What we need is variety, believes Aoife, since there’s no single way to become aroused. “There are four overarching types: the sensual focuses on the body; the conscious plays with thoughts and imagery; the intimate favours trust and connection; and an attractor gets pleasure from arousing their lover. We all experience our desires differently; we’re all individuals, and that’s OK.”
So how can we truly know what pushes our buttons? Sarah says look beyond sex, since desire stems from understanding the experience of pleasure in all areas of life. “I help women discover what lights them up, what excites them, and not just sexually. It’s common for women to know what they don’t want without knowing what they do want. Women also tend to put other people first, leaving no space for their own pleasure, which often comes with guilt anyway.”
She encourages women to find out what gives them a zest for life. “If we look for the ways in which we abandon ourselves through lack of healthy boundaries, we find our sexual brakes. Yet if we focus on sensation and relaxation rather than arousal, we find our sexual accelerators. Take a candlelit bath. Massage your breasts. Use a jade egg. There’s no pleasure without self-love.”
That’s all well and good, but what if we can’t assimilate the billboard bodies we see everywhere with our own? If we compare ourselves, and suffer low libido as a consequence, we may truly believe we’re broken. Aoife adds, “When we talk about FSAD, we tend to think only of the vagina rather than the whole body. But women need to engage with their body, to talk about it in a positive way.”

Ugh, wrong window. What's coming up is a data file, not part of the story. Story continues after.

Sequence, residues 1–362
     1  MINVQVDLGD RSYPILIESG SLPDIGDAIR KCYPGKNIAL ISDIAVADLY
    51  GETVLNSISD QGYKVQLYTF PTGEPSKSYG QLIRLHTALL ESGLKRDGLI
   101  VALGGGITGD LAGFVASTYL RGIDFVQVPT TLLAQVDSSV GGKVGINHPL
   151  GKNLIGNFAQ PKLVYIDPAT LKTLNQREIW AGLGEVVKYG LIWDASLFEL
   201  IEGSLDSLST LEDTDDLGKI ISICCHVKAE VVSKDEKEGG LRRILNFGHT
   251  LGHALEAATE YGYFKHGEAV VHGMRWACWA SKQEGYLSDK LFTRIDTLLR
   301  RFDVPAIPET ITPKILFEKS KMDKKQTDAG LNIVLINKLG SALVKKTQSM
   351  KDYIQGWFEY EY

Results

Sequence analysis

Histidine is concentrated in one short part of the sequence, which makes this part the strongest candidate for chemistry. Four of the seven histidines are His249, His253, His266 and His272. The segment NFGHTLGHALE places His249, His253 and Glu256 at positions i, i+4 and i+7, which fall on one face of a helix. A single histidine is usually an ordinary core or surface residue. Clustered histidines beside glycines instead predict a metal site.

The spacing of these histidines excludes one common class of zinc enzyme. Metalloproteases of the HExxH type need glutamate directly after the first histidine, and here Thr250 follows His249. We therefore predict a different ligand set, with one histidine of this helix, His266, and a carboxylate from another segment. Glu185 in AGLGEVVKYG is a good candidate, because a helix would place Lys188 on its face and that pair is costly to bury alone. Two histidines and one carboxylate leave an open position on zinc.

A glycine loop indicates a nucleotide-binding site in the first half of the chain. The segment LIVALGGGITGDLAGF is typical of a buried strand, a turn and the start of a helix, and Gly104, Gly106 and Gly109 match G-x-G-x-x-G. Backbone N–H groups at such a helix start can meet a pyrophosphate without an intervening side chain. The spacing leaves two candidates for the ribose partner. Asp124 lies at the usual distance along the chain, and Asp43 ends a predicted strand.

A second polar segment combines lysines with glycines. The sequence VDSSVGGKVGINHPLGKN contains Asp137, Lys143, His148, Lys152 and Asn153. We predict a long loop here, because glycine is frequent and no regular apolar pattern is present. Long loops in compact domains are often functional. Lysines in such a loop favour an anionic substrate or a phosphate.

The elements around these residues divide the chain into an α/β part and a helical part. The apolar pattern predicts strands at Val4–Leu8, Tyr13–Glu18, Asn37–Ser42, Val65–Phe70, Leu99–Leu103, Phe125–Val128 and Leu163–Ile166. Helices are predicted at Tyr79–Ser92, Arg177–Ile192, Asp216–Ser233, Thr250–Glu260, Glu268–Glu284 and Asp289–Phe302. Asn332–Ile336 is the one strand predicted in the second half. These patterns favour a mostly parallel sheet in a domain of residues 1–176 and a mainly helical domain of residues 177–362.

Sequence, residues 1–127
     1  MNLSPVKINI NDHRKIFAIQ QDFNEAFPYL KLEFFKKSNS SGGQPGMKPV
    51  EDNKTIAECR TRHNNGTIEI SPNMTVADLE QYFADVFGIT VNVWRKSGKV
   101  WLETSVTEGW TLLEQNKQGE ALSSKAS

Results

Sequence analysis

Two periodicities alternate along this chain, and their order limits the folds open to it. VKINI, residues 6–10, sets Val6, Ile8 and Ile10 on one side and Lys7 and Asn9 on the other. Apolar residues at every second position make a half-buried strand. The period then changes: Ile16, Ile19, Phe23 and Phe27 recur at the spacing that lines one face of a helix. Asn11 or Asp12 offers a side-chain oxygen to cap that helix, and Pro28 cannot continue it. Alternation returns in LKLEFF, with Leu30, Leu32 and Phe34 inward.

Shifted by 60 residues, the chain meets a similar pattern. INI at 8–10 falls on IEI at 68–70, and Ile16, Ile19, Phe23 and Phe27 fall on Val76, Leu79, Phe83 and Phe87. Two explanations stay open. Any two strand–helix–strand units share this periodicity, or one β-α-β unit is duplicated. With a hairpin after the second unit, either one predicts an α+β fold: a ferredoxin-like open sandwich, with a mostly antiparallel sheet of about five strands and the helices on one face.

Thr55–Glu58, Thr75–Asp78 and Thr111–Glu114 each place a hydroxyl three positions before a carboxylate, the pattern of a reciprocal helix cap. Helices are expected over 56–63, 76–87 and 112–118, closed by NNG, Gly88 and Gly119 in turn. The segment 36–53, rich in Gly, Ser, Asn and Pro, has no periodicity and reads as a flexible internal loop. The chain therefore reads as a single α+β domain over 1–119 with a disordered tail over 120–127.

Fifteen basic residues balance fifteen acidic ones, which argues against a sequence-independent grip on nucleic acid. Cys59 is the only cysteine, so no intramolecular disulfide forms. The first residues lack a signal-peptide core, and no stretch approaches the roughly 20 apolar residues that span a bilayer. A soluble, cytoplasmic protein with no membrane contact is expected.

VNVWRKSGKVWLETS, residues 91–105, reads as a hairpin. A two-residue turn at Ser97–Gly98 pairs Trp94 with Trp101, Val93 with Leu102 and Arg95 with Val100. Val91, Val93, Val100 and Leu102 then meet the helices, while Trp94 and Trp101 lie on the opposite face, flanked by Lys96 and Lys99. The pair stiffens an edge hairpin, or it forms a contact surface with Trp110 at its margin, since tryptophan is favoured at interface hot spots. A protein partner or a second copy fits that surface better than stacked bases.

She uses a mindfulness practice known as Sensate Focus. “It’s a way to start slowly before you get to physical touch. I recommend doing a body scan in the shower, feeling the water on your skin, then applying body lotion, and looking at yourself naked—notice when the self-talk happens.”
Sarah agrees, “If you can relax into your body, as it is before losing that 10 pounds, you can hang out in pleasure, enjoying sensation, without having to chase an orgasm. It’s about being, not doing, and allowing the orgasmic energy to rise. If you’re feeling relaxed and happy, you’re more likely to feel turned on.”
This is the feminization of desire.
The Taoist sexual tradition speaks of the active yang and receptive yin. Men are active like fire, quick to heat up and quick to burn out. Women, however, are receptive like water. They take time to warm up, but once they’re boiling, their heat lasts. Sarah explains, “Men need to learn to hang out in cooler zones and women need to learn how to warm up their water.”
“Our western society loves active energy. We push it hard and neglect our ability to be receptive. But Taoist teachings tell us the only true way to enhance yang is by nourishing yin. We need to soften, open, and relax more.” To know yourself, if you like, to turn inwards instead of always looking out, since this is the only way that you will discover (as Aoife says) “what truly turns you on rather than struggling with what you’re told should turn you on.”
* Figures are estimates based on a variety of research studies as quoted in Come As You Are by Emily Nagoski (page 225).